Panasonic Lumix DC-GH5S

10.3MP multi-aspect CMOS sensor | DCI/UHD 4K recording at up to 60p | 3.68M-dot EVF

What we like:

  • Captures DCI 4K at 60p
  • Extensive video capture tools
  • Multi-aspect sensor

What we don't:

  • No image stabilization
  • Video AF not 100% dependable
  • Modest stills resolution by modern standards
The DC-GH5S is the most video-centric model yet in Panasonic's stills/video hybrid 'GH' series. It's built around a 4K-optimized sensor that can shoot both UHD and DCI footage at up to 60p . But that oversized chip, which maintains its angle-of-view across both formats, comes at the expense of image stabilization.
The body and handling of the camera are essentially the same as the GH5: a DSLR-shaped body with plenty of customizable buttons coupled with extensive touchscreen control for silent control in video mode. The GH5S is also one of the few to offer waveforms to aid video exposure.
The GH5S produces some of the best-looking video of any camera we've ever tested
The GH5S's autofocus is pretty good but we doubt that will be sufficiently dependable for anyone spending this much money to get such high quality video. It can keep track of a subject most of the time but there's always a very slight wobble as it finds focus and at least some risk of it missing its target.
The GH5S's JPEG results look good, with much-improved color response compared with older Panasonics, and Raw files have enough dynamic range to justify the inclusion of 14-bit capture. Overall, though, the video-optimized sensor isn't able to offer the sorts of detail capture in stills that we've become accustomed to.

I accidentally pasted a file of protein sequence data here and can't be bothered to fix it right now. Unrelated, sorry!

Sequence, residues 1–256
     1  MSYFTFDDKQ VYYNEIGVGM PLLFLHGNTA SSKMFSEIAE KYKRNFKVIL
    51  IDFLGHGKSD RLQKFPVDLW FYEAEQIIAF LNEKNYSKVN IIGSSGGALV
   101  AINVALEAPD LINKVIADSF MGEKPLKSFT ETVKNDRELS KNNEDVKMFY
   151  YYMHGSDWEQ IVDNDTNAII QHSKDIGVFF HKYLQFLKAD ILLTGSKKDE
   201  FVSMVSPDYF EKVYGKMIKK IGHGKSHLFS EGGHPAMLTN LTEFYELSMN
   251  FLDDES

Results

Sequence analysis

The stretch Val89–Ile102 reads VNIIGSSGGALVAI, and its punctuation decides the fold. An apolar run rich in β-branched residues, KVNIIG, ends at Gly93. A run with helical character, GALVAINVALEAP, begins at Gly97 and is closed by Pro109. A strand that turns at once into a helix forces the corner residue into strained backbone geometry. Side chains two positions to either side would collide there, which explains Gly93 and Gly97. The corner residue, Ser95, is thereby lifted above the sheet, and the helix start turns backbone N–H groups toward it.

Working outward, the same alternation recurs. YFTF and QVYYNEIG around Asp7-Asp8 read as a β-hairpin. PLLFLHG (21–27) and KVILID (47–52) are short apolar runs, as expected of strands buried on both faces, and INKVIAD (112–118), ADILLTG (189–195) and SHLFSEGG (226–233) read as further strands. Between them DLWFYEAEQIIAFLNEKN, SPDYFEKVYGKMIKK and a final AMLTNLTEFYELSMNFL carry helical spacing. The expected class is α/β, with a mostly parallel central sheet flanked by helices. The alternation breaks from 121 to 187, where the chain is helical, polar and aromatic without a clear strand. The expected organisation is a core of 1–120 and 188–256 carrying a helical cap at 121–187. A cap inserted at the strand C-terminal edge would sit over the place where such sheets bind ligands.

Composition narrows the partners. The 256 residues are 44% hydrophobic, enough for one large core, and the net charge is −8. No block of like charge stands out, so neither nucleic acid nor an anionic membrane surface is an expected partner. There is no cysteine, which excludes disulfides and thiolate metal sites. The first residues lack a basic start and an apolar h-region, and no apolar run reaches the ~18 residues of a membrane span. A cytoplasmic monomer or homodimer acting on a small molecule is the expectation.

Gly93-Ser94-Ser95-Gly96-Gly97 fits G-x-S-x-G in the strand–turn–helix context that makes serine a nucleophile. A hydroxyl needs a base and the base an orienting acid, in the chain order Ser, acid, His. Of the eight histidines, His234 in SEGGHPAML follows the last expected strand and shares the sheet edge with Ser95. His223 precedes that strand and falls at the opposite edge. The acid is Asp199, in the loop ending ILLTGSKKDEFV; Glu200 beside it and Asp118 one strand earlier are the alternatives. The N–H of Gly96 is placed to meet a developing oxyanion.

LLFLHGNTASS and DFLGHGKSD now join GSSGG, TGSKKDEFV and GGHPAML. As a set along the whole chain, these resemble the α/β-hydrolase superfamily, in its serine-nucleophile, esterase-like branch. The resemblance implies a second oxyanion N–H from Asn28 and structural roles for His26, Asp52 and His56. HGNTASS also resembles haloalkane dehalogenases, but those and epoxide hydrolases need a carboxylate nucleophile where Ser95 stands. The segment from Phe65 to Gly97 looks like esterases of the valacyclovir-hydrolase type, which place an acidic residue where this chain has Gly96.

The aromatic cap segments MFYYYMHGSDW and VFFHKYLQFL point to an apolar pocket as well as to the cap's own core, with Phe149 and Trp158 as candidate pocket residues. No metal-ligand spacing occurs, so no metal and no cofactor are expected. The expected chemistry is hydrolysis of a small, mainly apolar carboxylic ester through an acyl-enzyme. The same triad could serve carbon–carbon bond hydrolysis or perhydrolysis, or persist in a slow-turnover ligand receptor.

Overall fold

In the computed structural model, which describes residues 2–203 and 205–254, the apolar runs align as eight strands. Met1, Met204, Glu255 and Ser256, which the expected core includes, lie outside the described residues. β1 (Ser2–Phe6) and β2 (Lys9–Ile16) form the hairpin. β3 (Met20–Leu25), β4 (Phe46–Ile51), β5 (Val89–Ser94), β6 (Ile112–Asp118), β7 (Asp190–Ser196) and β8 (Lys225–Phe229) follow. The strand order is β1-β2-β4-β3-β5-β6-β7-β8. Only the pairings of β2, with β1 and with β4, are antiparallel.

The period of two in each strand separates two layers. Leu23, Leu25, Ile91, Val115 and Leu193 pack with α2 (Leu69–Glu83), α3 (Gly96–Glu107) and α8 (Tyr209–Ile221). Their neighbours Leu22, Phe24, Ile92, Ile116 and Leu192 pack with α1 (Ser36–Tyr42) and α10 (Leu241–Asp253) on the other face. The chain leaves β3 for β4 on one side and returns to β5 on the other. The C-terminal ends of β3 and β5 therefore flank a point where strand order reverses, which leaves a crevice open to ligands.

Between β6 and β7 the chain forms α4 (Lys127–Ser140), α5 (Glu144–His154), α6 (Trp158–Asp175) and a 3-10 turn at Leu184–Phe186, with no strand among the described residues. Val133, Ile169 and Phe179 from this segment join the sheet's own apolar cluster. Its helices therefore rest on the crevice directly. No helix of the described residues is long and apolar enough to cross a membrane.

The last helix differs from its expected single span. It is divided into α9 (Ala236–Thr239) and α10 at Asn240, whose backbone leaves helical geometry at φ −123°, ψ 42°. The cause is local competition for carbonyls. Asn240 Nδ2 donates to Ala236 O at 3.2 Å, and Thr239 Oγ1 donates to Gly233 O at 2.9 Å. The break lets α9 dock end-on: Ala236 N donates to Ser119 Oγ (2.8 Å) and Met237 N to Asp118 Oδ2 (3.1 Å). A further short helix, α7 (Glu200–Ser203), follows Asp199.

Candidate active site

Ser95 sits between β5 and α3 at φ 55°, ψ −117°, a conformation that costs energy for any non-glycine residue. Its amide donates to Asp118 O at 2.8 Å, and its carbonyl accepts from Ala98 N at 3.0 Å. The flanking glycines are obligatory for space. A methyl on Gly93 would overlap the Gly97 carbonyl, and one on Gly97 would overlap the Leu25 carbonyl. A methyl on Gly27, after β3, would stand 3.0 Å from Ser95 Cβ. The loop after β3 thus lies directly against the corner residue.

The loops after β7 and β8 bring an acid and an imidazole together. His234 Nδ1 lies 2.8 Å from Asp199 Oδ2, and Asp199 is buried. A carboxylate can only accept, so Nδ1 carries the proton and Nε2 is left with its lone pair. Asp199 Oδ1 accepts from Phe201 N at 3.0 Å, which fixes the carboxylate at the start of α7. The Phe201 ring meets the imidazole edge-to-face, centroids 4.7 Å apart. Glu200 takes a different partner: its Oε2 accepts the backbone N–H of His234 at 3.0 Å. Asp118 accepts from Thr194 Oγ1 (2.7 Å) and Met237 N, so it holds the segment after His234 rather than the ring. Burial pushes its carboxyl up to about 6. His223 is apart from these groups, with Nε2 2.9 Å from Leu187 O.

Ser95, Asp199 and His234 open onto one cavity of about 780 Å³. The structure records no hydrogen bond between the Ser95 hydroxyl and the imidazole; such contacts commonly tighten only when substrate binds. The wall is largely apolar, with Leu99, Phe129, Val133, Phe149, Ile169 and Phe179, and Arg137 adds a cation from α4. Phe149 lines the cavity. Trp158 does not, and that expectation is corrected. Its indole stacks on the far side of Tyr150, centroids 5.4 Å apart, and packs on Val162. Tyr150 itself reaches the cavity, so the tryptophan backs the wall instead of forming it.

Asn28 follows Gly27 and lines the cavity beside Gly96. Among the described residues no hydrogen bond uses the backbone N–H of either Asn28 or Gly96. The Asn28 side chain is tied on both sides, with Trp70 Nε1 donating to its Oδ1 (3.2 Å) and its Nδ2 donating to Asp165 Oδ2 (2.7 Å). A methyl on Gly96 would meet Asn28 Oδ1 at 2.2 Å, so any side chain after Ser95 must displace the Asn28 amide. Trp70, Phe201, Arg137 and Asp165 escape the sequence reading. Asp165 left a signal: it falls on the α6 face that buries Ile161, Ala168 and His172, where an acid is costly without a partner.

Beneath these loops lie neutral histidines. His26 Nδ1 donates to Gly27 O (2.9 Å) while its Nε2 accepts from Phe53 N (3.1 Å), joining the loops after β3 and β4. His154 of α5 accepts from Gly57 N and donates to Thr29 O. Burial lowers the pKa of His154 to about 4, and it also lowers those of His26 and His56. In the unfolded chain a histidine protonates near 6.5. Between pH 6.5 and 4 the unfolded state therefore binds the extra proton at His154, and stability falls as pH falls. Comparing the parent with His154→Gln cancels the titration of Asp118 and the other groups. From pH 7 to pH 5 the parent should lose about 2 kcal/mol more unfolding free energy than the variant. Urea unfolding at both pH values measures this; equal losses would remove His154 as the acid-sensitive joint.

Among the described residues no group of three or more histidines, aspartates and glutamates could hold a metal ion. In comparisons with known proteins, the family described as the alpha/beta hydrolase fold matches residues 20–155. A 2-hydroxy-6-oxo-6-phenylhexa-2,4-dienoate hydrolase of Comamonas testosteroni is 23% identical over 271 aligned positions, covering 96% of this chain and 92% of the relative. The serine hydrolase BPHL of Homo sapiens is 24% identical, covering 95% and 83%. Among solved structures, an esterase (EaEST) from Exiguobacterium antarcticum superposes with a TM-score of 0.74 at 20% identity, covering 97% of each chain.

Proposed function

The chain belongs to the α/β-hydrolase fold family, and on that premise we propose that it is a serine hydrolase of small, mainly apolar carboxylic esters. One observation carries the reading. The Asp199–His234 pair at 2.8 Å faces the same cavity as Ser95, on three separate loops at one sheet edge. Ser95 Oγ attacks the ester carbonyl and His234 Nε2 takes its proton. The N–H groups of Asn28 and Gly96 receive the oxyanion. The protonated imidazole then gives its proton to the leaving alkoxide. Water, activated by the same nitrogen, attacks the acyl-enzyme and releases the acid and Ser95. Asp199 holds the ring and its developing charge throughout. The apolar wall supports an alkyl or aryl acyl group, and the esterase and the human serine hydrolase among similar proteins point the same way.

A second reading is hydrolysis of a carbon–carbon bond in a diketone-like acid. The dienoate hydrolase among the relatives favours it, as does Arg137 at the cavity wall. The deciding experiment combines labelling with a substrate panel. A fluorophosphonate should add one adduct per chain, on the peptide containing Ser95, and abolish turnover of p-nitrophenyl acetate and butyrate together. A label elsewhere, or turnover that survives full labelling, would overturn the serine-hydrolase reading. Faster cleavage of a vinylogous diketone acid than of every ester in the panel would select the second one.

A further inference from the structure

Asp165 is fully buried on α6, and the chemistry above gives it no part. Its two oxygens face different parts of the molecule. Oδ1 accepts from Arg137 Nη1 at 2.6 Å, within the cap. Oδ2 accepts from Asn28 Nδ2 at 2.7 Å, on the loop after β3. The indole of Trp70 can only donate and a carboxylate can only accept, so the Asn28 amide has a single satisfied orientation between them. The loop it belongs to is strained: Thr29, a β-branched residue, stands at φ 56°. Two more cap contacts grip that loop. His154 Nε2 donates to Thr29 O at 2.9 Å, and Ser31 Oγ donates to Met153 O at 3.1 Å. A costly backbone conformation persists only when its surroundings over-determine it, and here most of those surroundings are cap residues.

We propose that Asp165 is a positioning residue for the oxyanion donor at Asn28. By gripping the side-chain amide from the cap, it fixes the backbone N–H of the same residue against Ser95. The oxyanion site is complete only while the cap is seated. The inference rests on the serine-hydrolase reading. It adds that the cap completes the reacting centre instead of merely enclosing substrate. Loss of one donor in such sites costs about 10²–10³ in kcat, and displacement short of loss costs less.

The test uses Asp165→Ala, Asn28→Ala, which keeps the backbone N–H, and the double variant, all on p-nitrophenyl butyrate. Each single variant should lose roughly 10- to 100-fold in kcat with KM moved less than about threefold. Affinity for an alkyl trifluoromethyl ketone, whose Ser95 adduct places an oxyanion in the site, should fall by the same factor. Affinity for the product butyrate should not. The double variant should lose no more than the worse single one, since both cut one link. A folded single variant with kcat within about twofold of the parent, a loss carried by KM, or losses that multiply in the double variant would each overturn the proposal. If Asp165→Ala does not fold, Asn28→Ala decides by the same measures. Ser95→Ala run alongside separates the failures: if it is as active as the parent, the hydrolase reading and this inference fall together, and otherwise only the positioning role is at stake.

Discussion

The GH5S's video is highly impressive, with good levels of detail maintained across a wide range of lighting conditions thanks to the camera's dual-gain sensor. 10-bit capture, combined with V-Log L or Hybrid Log Gamma modes give plenty of flexibility for color grading. 60p and 50p 4K can either be captured internally in 8-bit or fed over HDMI in 10-bit to give a hugely flexible camera.
The GH5S produces some of the best-looking video of any camera we've ever tested. Between the 10-bit capability, high DR Log options and excellent sensor, it's capable of producing very impressive results. The lack of stabilization limits the styles of shooting it can be used for but if you can shoot on a tripod or gimbal, it's superb.

Studio Test Scene | Specifications Compared

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